Pilot Credit 59: Occupant Engagement requires two main components:

  1. Consumption feedback: Inform occupants about the actual energy consumption of the building and/or their workspace and provide a relevant comparison point
  2. Occupant empowerment: Implement and maintain an occupant engagement program that includes education, empowerment and feedback components

We would like project teams to establish performance goals and develop a way to effectively track the success of the occupant engagement program. Additionally, the requirements above are only intended to serve as a foundation for an occupant engagement program and are by no means meant to display a “one size fits all” approach.

Introducing this concept as a pilot credit allows us to leverage both project team and market feedback to directly inform whether the credit’s requirements are effective or if they should be modified to better accomplish the stated intent.

So, let’s hear from you. Have you recently implemented an occupant engagement program focused on energy efficiency? What strategies did you find effective? What barriers kept your program from achieving its goals?

May I Borrow Your Jumper Cables?


Lauren Riggs, LEED AP
Manager, LEED Performance
U.S. Green Building Council

“May I borrow some jumper cables?” The brick building asked the building next door. The brick building’s energy use was out of control; It needed to kick-start its efficiency. The building next door answered with Energy Jumpstart, the new pilot prerequisite in USGBC’s Pilot Credit Library. USGBC hopes that this pilot can act as a set of jumper cables to stir up a segment of the buildings market that has the potential to make huge energy efficiency gains.

Source: Charles Williams via Flickr

On March 1, when the third public comment period for LEED 2012 opened, USGBC launched Pilot Credit 67 (aka Energy Jumpstart), a Pilot Alternative Compliance Path for EA Prerequisite 2 in LEED 2009 for Existing Buildings: Operations & Maintenance.

Confused?…let me explain.

If you’re familiar with LEED, you know each LEED prerequisite has mandatory pathways for compliance. For Energy and Atmosphere prerequisite 2, the traditional entry point for most buildings has been an ENERGY STAR rating of 69, a benchmark that certain market segments, such as older buildings, have a particularly tough time meeting. Cue Energy Jumpstart, an alternative path for this prerequisite (and the first pilot alternative compliance path ever), targeted at older buildings with energy challenges.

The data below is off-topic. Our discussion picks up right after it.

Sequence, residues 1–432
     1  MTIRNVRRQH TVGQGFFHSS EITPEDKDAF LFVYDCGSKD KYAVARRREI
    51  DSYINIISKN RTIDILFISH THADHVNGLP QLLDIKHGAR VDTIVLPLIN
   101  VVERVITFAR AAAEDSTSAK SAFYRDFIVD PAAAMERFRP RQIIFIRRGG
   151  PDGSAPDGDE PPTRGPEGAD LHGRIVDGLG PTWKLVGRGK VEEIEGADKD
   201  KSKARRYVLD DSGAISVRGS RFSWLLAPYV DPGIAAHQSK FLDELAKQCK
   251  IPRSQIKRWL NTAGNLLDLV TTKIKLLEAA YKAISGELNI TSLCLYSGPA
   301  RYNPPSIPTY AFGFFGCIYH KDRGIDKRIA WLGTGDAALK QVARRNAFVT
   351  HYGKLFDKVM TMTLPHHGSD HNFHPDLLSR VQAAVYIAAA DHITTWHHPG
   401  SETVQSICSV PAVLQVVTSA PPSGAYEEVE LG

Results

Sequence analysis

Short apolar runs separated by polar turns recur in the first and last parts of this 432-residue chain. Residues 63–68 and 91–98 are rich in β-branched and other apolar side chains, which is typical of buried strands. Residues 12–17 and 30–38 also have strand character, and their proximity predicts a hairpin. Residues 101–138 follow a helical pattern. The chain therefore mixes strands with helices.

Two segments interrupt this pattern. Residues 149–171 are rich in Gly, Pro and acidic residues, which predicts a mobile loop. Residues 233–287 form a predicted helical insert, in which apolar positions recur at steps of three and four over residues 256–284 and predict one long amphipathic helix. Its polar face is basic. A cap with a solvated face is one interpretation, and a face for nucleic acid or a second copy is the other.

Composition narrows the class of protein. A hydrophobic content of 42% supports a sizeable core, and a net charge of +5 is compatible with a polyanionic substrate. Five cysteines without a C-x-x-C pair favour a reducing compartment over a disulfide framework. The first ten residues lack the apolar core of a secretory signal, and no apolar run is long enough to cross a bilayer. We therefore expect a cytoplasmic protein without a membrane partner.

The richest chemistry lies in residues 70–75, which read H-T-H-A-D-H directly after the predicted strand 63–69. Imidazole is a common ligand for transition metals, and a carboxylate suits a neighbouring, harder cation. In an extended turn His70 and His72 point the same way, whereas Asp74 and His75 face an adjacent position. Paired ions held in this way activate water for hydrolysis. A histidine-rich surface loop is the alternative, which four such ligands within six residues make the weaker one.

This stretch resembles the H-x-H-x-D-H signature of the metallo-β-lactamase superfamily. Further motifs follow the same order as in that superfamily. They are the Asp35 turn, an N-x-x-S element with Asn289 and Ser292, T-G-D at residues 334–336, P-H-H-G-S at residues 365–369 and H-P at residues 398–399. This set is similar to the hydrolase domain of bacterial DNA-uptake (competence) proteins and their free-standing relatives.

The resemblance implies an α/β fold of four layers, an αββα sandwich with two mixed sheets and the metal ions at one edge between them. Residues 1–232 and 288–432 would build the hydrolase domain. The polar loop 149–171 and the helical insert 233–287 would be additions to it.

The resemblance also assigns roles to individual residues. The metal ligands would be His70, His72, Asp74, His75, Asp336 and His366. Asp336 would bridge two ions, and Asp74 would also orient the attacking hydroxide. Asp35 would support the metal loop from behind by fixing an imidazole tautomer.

Projects pursuing the pilot must show an energy improvement of 20 percent over a 12 month period, as compared to a three year baseline, qualifying them for initial certification at the Certified level. Keep in mind that USGBC wants projects to recertify – so these projects have the opportunity to come back into LEED at Silver, Gold or Platinum in the future!

The requirements for this pilot prerequisite were first in the LEED 2012 for Existing Buildings: O&M Draft Rating System, but were moved into the pilot library for a few reasons:

  • The market now has a chance to pilot this new pathway under LEED 2009
  • USGBC has the opportunity to refine the pilot requirements as the market comments on its use of the pilot
  • USGBC and the market can work together to determine the demand and effectiveness of a performance improvement path for LEED.

Obtaining full market buy-in and demonstrating demand for a pathway like Energy Jumpstart is essential for the success of this option in LEED – the more projects that use the pilot prerequisite to jump into LEED, the better. Let’s get all buildings running efficiently. Let’s let all leaders lead. And let’s put a hand out to those who need a little help making a big difference.